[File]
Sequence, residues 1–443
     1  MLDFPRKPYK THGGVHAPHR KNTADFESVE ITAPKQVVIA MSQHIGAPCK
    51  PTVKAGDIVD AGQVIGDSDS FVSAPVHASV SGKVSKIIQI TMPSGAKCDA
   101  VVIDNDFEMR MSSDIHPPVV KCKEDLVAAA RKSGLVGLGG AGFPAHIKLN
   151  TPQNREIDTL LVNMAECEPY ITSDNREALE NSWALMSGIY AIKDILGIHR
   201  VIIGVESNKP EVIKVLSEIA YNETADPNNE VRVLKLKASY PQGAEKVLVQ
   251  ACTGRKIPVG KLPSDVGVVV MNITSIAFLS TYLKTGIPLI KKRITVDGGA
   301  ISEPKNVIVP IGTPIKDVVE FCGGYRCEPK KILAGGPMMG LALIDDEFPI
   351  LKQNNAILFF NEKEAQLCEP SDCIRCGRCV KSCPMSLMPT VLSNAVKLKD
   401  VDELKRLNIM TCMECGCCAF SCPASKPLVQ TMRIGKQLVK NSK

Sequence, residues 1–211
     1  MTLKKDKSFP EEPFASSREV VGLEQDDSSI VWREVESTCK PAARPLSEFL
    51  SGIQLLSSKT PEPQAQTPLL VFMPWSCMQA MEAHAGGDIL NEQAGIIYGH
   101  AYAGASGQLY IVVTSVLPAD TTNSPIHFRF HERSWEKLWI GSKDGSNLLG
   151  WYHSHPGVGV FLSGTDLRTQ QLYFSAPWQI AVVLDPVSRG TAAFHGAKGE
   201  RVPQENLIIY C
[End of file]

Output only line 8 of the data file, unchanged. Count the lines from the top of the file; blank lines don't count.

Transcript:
   301  ISEPKNVIVP IGTPIKDVVE FCGGYRCEPK KILAGGPMMG LALIDDEFPI